- Photo: Charles Eisenmann / Wikimedia Commons / Public Domain
The Bearded Lady's Story Was A Whole Lot Sadder Than What The Film Showed
What The Film Portrays: One of the most moving, commanding characters in the film is Lettie Lutz, known as the "Bearded Lady." When Barnum is on the hunt for unique acts, people, and curiosities to bring to his American Museum, he first hears Lutz's singing voice and follows it to a laundry room, where he finds an adult woman with a beard. Though she is reluctant to join Barnum's show, he manages to convince her. She is one of many so-called "freaks" in the film, whose outsider status is marked on their bodies.
What Really Happened: "Lettie Lutz" never existed - Barnum's famous Bearded Lady was actually a woman by the name of Annie Jones. Barnum didn't find her in a laundry room, either. She attracted attention when she was born covered in hair in Virginia in 1865. He actually started exhibiting her when she was only one year old. Though Barnum paid her parents $150 a week for the privilege, the young Jones did not get a say in how her body was displayed. She spent much of her life as an attraction and died when she was only 37, in 1902.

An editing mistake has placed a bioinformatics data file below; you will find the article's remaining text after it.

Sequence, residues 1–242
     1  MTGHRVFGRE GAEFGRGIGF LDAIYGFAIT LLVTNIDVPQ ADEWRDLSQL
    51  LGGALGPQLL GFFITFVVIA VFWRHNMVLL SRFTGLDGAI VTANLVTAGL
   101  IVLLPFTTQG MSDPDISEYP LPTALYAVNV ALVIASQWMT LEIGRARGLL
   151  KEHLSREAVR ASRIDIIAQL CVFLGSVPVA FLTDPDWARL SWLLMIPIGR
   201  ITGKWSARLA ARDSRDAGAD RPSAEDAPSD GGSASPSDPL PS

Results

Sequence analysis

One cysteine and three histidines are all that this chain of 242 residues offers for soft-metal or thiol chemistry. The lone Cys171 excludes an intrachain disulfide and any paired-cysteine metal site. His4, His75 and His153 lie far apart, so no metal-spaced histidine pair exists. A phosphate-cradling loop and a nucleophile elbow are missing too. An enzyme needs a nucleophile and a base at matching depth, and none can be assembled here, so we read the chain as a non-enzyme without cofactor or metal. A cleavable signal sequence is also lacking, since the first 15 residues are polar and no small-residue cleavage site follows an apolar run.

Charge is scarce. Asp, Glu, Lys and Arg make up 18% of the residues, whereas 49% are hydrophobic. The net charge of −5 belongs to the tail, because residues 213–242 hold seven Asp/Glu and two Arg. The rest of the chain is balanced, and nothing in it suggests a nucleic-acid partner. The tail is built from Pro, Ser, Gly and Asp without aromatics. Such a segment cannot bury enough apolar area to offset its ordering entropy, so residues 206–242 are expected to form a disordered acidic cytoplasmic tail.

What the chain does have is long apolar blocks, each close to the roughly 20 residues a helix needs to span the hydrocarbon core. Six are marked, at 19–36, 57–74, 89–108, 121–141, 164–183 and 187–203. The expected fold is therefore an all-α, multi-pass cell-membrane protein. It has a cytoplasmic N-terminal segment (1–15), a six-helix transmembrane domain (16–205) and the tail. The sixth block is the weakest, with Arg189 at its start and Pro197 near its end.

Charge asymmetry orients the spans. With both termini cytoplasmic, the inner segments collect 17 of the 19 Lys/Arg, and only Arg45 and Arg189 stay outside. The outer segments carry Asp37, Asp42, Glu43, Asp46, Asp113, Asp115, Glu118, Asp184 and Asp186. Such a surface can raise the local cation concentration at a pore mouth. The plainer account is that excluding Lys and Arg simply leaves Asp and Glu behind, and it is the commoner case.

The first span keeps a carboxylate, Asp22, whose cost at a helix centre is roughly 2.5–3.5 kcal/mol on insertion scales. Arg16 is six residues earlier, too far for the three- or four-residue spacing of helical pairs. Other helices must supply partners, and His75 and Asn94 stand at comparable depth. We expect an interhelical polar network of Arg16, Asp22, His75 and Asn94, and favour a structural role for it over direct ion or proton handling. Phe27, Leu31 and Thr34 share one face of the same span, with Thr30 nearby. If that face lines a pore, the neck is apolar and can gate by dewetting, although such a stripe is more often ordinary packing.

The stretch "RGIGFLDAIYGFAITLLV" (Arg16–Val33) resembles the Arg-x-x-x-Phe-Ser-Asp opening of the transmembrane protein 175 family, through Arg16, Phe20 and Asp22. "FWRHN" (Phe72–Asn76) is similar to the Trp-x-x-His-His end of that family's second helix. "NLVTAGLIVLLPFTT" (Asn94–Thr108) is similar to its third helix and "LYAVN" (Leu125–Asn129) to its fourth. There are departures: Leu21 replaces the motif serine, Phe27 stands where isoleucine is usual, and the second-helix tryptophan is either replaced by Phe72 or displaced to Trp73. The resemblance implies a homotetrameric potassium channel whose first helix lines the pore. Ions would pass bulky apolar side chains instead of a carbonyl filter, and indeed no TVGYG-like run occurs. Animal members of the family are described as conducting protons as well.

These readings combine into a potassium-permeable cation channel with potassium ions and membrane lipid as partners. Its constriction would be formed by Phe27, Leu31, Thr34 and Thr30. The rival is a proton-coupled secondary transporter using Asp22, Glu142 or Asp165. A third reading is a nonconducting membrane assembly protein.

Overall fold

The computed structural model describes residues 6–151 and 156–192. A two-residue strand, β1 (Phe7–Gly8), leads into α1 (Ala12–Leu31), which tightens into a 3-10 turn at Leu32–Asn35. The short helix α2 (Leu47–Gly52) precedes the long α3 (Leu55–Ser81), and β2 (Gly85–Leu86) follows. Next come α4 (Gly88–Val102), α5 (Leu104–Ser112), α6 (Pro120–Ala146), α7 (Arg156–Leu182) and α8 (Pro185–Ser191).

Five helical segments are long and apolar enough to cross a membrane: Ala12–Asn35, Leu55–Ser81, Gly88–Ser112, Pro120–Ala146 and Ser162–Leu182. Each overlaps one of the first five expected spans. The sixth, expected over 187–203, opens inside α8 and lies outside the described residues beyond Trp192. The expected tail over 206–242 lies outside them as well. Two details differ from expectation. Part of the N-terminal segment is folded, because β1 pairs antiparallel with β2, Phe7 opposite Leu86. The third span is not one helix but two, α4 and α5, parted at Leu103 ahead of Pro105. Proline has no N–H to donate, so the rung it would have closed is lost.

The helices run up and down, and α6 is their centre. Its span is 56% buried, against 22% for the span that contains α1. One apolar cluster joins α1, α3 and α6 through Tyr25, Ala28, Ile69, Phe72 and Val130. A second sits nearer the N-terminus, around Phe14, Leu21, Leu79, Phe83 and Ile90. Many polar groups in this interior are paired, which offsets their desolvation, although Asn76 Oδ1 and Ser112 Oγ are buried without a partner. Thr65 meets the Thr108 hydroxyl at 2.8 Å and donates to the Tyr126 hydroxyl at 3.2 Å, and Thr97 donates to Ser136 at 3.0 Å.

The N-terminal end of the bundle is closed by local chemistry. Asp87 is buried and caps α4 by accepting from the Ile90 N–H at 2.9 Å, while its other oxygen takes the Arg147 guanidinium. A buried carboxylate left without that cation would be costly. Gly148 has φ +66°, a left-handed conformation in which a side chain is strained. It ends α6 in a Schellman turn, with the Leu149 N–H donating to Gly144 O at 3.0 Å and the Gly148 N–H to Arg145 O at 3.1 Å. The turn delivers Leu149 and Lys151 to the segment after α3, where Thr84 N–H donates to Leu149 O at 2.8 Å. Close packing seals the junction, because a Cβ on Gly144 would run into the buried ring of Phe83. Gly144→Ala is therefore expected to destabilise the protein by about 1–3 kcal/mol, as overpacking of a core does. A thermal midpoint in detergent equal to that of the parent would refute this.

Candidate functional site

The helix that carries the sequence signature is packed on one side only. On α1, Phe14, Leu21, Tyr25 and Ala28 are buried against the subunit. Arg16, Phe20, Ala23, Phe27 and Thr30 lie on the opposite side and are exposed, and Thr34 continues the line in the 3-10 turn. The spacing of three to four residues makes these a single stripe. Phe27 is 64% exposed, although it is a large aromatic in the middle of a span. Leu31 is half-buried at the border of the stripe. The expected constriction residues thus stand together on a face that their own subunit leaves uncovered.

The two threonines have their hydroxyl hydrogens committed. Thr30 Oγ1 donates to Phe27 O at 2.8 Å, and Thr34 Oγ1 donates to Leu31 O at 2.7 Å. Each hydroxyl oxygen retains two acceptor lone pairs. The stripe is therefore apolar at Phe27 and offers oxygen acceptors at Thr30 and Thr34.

- Photo: unattributed / Wikimedia Commons / Public Domain
It Was Barnum's Family - Not His Wife's - That Opposed His Marriage To Charity Hallett
What The Film Portrays: The whole world seems to be against P.T. Barnum - even his in-laws. His wife Charity is a privileged, angelic young woman from a ridiculously wealthy family who lives in a mansion by the sea. Her father in particular grumbles about losing his daughter to the poor and good-for-nothing P.T. Barnum. Becoming a successful showman is Barnum's way of sticking it to the man and proving his father-in-law wrong.
What Really Happened: Charity wasn't the rich girl that the film makes her out to be - she was actually a "tailoress" when Barnum first met her. So it wasn't her well-to-do family that was turning its nose up at Barnum's offer of a dollar and a dream - it was actually his own family. As Barnum himself recounted, "My good mother and some other relatives feared that I was not looking high enough in the world" when he decided to marry Charity. The couple married in New York City in 1829 without any of Barnum's family present.